Tui Airways hopes to bring the “majority” of long-haul flights back by October, until when it now has the flexibility to add “glamour” to its European programme by deploying wide-bodied aircraft on short-haul routes.
Managing director Dawn Wilson said she hoped the “majority” of routes would be back in operation by the end of October but accepted there were “challenges” ahead and that a second wave of Covid-19 could set that plan back.
Speaking to Travel Weekly in Ibiza on a media trip to promote Tui’s resumption, Wilson said: “As we go through the summer, the government will try to open up more routes. We would imagine some of our long-haul routes will be among those to reopen and we’re hopeful that the majority will be open in October.”
Wilson said Tui Airways was “lobbying really hard” for the return of more Caribbean destinations but conceded there were “challenges” in restarting flights to the US, particularly Florida – to which Tui has pushed back the relaunch of its holiday programme.
On the use of widebodied aircraft on short-haul routes, she said: “We will use aircraft around the group accordingly, which gives us an advantage [over smaller companies]
“If we can get the load factors high enough there’s no reason we can’t get those wide-bodied aircraft on those short-haul routes.”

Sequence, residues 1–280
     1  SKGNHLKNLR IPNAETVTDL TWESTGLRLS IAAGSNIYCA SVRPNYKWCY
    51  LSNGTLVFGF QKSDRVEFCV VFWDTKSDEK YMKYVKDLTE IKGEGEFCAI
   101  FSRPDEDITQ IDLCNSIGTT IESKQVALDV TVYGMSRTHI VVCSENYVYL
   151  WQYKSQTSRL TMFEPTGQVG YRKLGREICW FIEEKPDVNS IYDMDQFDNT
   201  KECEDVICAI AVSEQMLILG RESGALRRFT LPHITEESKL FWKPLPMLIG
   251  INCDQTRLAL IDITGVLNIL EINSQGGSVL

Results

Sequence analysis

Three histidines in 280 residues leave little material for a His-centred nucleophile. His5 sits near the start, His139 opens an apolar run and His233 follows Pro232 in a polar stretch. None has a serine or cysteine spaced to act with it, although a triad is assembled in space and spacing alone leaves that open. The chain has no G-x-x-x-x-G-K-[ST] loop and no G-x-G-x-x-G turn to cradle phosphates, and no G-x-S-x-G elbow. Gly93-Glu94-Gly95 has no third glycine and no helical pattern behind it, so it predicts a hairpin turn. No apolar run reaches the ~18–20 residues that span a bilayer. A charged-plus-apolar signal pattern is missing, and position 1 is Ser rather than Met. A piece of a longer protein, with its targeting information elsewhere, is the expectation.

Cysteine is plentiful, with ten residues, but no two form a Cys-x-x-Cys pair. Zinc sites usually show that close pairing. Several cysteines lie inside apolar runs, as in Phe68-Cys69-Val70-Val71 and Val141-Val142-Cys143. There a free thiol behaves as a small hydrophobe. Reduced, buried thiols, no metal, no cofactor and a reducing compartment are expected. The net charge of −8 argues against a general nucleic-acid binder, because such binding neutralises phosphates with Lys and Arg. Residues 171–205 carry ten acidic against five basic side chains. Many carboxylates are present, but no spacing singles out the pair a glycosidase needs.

She explained how using 787 Dreamliners on short-haul routes allows Tui to offer premium seating on routes that might not otherwise have that option. However, she noted that not every airport could cater for the larger aircraft as they require runways of a minimum length and some have ‘obstacles’ that prevent the use of Dreamliners.
“Our customers love the 787,” she added. “It’s big and it has the premium cabins. So it adds a bit of glamour. A certain je ne sais quoi.”
On Saturday July 11, Tui’s first day back flying, a flight from Gatwick to Ibiza was 95% full with 179 passengers; a Gatwick to Palma flight was 99% full with 297 passengers; a Manchester to Palma was 95% full with 180 passengers; a Manchester to Ibiza flight was full with 346 passengers; and a Birmingham to Palma flight was 85% full at 161 passengers.
“It’s been heart-breaking to see our cabin crew on the ground,” she added. “They are so happy to be flying again. You could see that on our first flights back.”
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